Defense Roundup: Budget Deal Breaks Faith with Service Members and Retirees, Contractors Report High PTSD Rates, Little Care

Posted by Fred Wellman

Ryan-Murray Deal Hits Younger, Future Military Retirees

Tom Philpott, Stars and Stripes. The shocking news last week was that in a bizarre twist, Republicans and Democrats came together and actually agreed to something. Congressman Paul Ryan and Senator Patty Murray announced late Tuesday a surprising compromise budget proposal that takes out much of the damaging sequestration uncertainty while avoiding many of the larger issues that still linger. As the agreement was looked at closer, many saw things to like and things to worry about. Overall the Pentagon is happy to have some certainty in their budget and a return to a normal process of managing their programs. By Thursday, veterans and military support organizations were pretty worked up over a provision that will save billions over ten years by cutting back on future Cost of Living Adjustments for so-called “working age retirees” up to age 62 and current military members. What the deal effectively means is a 20% cut in a military retirees pension. It got loud very quickly online as a campaign to stop the agreement as a betrayal of the promises made to today’s veterans gained steam but did nothing to slow down the House passing the bill on Friday and likely passage this week in the Senate. The proposal was really politically astute as it isn’t really a cut at all but a slowing down of future raises. On top of that it only affects those who stayed in 20 or more years, which is senior officers and NCOs who probably have second careers. Our take is this was a poor move, as it leaves no grandfather clause and ignores a host of studies and commissions now in progress on ways to adjust the military benefits programs. But more concerning is that this passed easily and likely represents simply the first step of many in rolling back of military benefits painted as overly generous. Next will likely be increases in Tricare fees and rates for the same working age retirees, closure of stateside commissaries, and eventually adjustments in the entire structure of retirement programs for military members. The Senate is promising to review the idea but it’s hard to resist a done deal that saves almost $7 billion.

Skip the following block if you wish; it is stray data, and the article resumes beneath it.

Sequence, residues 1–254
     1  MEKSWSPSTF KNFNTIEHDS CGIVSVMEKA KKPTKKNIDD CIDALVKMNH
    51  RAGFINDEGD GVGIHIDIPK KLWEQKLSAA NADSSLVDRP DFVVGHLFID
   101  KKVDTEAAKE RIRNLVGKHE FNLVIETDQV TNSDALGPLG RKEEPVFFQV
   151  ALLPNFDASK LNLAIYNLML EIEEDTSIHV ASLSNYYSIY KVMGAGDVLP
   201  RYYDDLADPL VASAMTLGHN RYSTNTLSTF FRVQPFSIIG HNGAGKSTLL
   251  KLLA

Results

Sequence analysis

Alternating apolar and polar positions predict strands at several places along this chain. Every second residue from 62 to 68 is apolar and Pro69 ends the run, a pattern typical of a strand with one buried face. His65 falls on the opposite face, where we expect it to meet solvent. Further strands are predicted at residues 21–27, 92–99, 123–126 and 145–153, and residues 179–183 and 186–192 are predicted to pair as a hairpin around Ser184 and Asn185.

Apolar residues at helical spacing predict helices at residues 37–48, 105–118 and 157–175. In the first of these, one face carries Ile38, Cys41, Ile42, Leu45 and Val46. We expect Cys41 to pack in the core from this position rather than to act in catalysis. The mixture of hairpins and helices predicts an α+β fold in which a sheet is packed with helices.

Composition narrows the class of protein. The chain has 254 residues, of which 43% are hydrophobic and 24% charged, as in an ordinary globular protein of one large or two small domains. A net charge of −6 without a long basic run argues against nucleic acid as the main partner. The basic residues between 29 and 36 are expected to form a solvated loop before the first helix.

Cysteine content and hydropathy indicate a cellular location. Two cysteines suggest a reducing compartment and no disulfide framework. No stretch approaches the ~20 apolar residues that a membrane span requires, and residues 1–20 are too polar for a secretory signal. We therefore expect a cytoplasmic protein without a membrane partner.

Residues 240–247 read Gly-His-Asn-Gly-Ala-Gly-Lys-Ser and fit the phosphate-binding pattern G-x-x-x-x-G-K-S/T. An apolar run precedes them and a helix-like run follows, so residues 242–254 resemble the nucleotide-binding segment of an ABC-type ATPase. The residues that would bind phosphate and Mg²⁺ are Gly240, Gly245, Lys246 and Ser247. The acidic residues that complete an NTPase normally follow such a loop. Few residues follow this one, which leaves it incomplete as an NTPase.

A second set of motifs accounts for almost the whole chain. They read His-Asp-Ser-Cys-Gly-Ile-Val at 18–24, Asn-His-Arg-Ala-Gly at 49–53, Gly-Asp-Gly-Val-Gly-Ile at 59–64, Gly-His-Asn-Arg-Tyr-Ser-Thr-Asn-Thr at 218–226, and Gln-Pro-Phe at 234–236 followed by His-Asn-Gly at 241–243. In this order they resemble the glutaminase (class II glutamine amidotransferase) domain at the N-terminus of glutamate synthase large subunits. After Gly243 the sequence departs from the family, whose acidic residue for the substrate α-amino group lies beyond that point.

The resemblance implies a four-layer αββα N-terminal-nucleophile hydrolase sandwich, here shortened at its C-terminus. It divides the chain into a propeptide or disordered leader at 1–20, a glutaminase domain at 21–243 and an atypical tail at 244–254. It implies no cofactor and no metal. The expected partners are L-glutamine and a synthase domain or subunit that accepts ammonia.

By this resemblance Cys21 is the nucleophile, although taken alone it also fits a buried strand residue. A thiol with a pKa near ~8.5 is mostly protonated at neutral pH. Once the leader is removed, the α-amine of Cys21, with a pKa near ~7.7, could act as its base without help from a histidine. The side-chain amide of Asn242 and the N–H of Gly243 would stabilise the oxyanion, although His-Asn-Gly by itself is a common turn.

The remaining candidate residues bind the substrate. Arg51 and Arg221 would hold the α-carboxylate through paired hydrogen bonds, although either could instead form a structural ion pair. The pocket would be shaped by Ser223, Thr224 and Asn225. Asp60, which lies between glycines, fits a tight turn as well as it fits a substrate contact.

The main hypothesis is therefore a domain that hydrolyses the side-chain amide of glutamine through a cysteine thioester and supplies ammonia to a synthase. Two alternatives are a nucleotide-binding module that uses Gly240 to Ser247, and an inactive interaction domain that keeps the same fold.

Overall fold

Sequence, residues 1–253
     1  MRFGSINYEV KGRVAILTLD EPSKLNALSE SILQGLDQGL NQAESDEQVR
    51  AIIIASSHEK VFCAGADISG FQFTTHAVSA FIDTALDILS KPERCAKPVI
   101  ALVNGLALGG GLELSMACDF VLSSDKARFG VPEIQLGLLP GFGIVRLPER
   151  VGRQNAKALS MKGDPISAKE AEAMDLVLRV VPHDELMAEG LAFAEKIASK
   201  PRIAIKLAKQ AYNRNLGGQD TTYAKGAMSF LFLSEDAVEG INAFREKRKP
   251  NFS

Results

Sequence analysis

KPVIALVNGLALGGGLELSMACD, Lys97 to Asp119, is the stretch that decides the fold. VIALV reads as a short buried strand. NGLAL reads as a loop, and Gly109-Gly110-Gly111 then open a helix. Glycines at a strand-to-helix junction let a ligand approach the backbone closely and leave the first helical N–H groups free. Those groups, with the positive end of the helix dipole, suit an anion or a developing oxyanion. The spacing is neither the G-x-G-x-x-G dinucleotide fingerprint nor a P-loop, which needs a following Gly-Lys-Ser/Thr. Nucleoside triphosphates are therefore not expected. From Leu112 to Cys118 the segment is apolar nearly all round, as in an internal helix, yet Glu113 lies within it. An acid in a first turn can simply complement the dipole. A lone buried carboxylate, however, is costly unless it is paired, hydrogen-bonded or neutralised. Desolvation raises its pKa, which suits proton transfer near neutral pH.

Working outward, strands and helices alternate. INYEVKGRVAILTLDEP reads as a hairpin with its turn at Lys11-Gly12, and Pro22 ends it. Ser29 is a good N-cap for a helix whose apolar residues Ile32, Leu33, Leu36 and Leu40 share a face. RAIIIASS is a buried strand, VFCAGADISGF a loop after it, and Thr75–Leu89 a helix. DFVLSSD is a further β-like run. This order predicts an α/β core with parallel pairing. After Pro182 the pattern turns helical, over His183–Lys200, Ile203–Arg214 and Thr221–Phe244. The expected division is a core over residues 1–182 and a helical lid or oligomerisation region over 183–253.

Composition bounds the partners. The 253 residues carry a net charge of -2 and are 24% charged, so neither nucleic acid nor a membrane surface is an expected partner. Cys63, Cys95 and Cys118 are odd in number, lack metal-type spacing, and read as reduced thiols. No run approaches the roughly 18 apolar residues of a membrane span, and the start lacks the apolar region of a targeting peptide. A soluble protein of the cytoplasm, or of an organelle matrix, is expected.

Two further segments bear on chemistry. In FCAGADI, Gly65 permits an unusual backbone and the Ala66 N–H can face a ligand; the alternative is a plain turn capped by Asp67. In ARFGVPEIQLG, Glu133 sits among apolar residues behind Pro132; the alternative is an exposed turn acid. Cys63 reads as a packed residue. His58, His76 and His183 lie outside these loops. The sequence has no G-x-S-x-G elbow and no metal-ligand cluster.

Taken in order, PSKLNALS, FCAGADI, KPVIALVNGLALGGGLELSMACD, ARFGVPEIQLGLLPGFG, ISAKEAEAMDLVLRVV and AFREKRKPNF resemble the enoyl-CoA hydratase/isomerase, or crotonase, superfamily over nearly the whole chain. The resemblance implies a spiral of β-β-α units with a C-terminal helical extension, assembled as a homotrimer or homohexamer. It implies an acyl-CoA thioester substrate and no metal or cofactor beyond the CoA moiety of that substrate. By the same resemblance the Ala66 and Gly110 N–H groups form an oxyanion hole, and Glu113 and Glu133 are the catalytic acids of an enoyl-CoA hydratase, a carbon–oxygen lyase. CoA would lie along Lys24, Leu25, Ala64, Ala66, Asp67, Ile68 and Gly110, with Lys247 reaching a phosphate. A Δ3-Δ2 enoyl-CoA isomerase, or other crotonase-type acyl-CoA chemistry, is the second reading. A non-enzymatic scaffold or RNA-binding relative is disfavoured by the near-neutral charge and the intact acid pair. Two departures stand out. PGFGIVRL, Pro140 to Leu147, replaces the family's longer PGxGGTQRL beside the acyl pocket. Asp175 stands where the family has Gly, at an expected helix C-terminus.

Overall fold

Planes Parked in Weeds in Kabul After $486 Million Spent

Tony Capaccio (@acapaccio), Bloomberg. Just two weeks ago it was revealed the Army built a $36 million headquarters on Camp Leatherneck in Afghanistan against the wishes of the local commanders. Now it appears $486 million worth of Italian transport planes bought for the Afghan Air Force sit in the weeds off the tarmac at Kabul International Airport after only flying some 200 of planned 4,500 hours of training and missions back in 2012. The 16 refurbished G222 transports were meant to fill about 15% of the new air force’s fleet but once they arrived in country it was obvious they were flying in a hotter dustier environment than they were built to support. Faced with near constant maintenance issues and repeated failures by the contractor hired to maintain them, Alenia Aemacchi, the fleet was set aside to be used as spare parts and replaced with American C-130Hs. Eventually they will be stripped of military gear and destroyed according to the Air Force, which calls the entire affair a valuable “lesson-learned” case study. A very expensive lesson learned.

SOCOM Web Initiative on Senate Chopping Block

Howard Altman (@haltman), Tampa Bay Tribune. U.S. Special Operations Command runs a network of 10 websites called the Trans Regional Web Initiative in partnership with the Geographic Combatant Commands to provide a counter-narrative to the extremist websites that proliferate around the world. Produced in local languages they present an American view on current news and current events. The effort has long been scrutinized as an effort that has little real impact in spite of the programs insistence that its two million unique visitors a month are making a difference in the battle of ideas. Unfortunately, that battle comes with a $20 million a year price tag to keep it running and in this budget environment the Senate is taking a closer look at the necessity of such an effort. The ROI on $1.7 million a month for just over 2 million visitors is pretty high for a business to justify and it looks like Congress is wondering the same thing.